Here’s something. A journalist I ran into, an editor, in fact, told me about flying out of an airport in a developing country after a fact-finding trip he had been on.
As so often happens, the electricity had shut down, which meant that the conveyor belt carrying luggage through the X-ray machine wasn’t running. Nonetheless, the security staff were taking it upon themselves to crawl through the X-ray machine, pushing suitcases in front of them.
The journalist pointed out to them that the same lack of electricity that had stalled the conveyor belt meant that there weren’t any actual X-rays either. “We know that, sir,” came the response. “But the passengers like to see us taking security seriously.”
Now that was some years ago. I found the story amusing, wrote it up, much as I’ve done here, sent it off to the diary column of a print magazine – the UK Press Gazette, as it happens – and, a few weeks later, banked a small cheque.
Small cheques, that was the thing. As a freelance, my attitude has always been that any money is better than no money and small pieces generating small rewards (but involving minimal effort) could make a contribution to a life-sustaining income.
But something happened. The world changed. Publications closed down or went web-only or stopped paying for contributions like this. That, too, is freelancing. A source of income just disappears on you. You pick yourself up, carry on and look for other ways of earning a crust. Those odd little bits of information that I find interesting are now making their way into Kindle ebooks as I try to find out if this is a feasible way of bringing in some money.
Who knows why people go freelance. Who knows whether it’s more difficult now than it used to be. There’s a sense in which it always was. I once asked Alex Hamilton, then the travel editor of The Guardian, what advice he would give to would-be travel writers. “I’d discourage them,” he said. “There simply aren’t the outlets.” But if you must do it? “Write – and keep on writing.”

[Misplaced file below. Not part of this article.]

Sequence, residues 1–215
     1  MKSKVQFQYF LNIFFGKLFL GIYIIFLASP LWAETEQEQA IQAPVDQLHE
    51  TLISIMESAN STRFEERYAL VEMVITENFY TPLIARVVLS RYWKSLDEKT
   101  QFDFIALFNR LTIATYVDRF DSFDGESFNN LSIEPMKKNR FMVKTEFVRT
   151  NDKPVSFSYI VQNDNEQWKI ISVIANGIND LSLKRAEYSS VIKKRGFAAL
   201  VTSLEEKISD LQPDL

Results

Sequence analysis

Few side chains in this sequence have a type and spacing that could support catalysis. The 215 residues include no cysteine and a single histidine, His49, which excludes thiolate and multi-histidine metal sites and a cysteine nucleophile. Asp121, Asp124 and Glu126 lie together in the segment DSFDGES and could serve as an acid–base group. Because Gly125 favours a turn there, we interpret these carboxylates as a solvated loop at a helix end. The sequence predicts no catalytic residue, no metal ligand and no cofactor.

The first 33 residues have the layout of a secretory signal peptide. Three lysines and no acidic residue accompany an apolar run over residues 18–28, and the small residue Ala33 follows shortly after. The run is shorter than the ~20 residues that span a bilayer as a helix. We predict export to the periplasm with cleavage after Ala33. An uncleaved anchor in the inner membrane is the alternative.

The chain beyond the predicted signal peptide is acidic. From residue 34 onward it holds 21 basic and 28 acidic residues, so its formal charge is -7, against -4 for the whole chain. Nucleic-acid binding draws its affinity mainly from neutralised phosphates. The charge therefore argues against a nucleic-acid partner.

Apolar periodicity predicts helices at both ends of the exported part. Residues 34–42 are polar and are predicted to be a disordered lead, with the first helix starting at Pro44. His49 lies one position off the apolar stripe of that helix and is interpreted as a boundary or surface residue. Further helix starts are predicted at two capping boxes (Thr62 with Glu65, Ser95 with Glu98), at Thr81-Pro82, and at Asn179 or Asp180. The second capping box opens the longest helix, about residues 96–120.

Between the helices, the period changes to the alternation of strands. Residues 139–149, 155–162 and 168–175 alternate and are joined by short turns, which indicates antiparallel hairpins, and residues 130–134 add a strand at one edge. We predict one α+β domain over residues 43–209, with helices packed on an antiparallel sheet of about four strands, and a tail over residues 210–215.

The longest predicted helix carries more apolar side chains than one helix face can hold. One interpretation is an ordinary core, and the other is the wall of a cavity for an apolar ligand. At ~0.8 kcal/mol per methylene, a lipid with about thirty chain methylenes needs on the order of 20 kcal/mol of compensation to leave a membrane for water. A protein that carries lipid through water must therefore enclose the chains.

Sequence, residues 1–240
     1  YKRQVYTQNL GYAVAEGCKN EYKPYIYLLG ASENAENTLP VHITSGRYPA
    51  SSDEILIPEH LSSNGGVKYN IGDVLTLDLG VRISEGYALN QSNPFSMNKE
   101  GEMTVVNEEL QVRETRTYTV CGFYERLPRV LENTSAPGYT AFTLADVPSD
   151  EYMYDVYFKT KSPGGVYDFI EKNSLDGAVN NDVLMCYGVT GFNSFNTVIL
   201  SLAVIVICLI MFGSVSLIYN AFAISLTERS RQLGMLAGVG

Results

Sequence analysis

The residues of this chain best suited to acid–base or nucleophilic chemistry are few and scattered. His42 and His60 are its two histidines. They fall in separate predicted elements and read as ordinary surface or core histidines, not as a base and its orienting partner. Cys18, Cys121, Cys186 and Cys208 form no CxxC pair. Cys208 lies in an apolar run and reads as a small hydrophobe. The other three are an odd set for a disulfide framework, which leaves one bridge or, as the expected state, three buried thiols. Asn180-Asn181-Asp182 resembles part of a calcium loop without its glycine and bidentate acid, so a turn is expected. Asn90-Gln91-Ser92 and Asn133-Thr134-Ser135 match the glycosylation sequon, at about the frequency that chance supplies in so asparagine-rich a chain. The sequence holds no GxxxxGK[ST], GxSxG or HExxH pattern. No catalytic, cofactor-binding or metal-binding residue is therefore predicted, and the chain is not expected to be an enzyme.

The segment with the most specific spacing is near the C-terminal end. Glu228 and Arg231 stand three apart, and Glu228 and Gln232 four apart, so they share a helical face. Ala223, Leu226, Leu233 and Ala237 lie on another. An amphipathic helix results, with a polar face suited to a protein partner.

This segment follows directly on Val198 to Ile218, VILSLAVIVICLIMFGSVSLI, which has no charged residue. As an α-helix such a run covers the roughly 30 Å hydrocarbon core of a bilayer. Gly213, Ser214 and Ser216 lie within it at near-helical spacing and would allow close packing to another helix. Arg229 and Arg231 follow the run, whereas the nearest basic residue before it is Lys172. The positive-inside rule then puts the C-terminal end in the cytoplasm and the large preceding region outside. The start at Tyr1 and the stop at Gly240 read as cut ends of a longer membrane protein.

And people throw themselves into finding opportunities for freelancing and for turning their journalistic instincts into a financial life-support system.
The NUJ organised a conference on new ways to make freelance journalism pay where 20 speakers told an audience of around 200 about the strategies they were coming up with – from crowd-sourcing funding, to looking for new markets in Brazil and India and the like, to creative uses of internet opportunities.
At an NUJ course I run people bring along their own experiences, which may help others avoid problems. A BBC staffer, perhaps looking redundancy in the face, imparted a piece of advice.
“If you’re a freelance thinking of working for the BBC, don’t whatever you do, discuss your ideas while travelling on the C2 bus.” The C2 runs between north London’s Highgate and Broadcasting House and is apparently packed with BBC personnel coming and going.
“People like me only need a whisper of an idea to be up and running,” he said. “I once overheard a professor talking about his work. Two words and I had an entire programme.” Any chatty freelance had been warned.
Humphrey Evans runs two courses. Getting Started as a Freelance is next set to run on May 17 and costs people who aren’t NUJ members £110. Pitch & Deal is on May 24, costing £130. Both courses take place at the NUJ head office near King’s Cross, London. Find out more – or book a place – by emailing firstname.lastname@example.org.